The stories themselves are carefully-honed scalpels. Two ravens observe two women squabbling pointlessly over a dead man before the birds themselves are able to settle down to take advantage of the “plenty” before them; a Marquis of Carabas is confronted by his lineage’s history of cat’s-paw birthmarks and a terrible horror of cats; a tiger seeks virtue and, once granted it by the sage Avadavanda, finds his tigerish nature a sham, his mentor “a quite uninteresting person”—and, once sold to a menagerie, his virtue of no account to a small girl who wants to throw her bun to “a real roaring tiger.” Elsewhere, a starving cat applies for charitable relief but is refused, on account of his not being completely destitute while he still possesses the value of his skin; a fox is so delighted with reading about saints that he decides to become one, but upon being offered the Papacy is rescued from his unwelcome fate by a stable-boy who believes him to be the devil; and a showman finds a phoenix is not the money-spinning attraction he thought it would be. The fables keep coming: a female wildcat and a ewe, on the deaths of their children, argue about who gains the highest status from their suffering; a young woman discovers that she is a changeling, and writes songs that bring her to the scaffold—but also enable her to walk away from it; an Englishman, whose wife’s grandfather married a “white Angora,” and a cat obsessed with love for a human woman, compare the bitterness of their “mixed marriages”; a baker’s daughter becomes an owl; a wolf seeks advice from other animals on how to be popular.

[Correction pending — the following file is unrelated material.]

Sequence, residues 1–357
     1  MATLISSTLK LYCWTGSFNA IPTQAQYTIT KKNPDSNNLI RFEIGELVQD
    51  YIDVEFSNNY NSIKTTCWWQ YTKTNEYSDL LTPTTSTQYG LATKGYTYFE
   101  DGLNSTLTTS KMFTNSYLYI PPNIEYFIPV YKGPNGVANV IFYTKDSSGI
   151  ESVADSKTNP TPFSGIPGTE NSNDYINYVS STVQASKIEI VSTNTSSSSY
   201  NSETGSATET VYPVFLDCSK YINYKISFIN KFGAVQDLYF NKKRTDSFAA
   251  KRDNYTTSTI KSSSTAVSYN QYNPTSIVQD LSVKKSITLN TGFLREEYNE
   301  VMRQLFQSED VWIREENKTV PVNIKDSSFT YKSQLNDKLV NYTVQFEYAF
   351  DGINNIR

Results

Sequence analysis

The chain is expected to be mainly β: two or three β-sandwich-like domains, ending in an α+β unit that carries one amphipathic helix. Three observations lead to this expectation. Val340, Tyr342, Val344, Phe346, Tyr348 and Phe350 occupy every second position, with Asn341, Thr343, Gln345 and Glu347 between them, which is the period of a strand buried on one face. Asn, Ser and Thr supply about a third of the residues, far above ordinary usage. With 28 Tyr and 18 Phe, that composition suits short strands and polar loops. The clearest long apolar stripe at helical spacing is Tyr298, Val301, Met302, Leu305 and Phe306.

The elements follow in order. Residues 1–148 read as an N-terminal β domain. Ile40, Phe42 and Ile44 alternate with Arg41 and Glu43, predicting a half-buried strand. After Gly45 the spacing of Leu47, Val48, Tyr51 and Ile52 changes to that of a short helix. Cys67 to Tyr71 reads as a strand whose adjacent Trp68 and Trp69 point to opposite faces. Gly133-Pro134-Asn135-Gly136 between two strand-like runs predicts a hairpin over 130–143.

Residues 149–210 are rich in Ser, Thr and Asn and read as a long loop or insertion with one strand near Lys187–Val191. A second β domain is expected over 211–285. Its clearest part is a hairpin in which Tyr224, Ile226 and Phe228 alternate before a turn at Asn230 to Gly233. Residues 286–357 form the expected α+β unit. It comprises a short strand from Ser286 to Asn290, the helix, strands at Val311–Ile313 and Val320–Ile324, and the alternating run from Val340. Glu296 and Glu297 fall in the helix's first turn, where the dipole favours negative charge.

If the best story is the last (“Bluebeard’s Daughter”), it is perhaps only because it explicitly draws upon one of the most disturbing of folk tales, made famous by Charles Perrault but also collected by the Grimm brothers and at the heart of numerous further stories and ballads: “Reynardine,” Angela Carter’s “The Bloody Chamber”, Helen Oyeymi’s Mr Fox and many others pair the motifs of the predatory male and the fatally curious female that are encoded in this tale. We readers have never heard, however, of Bluebeard’s daughter.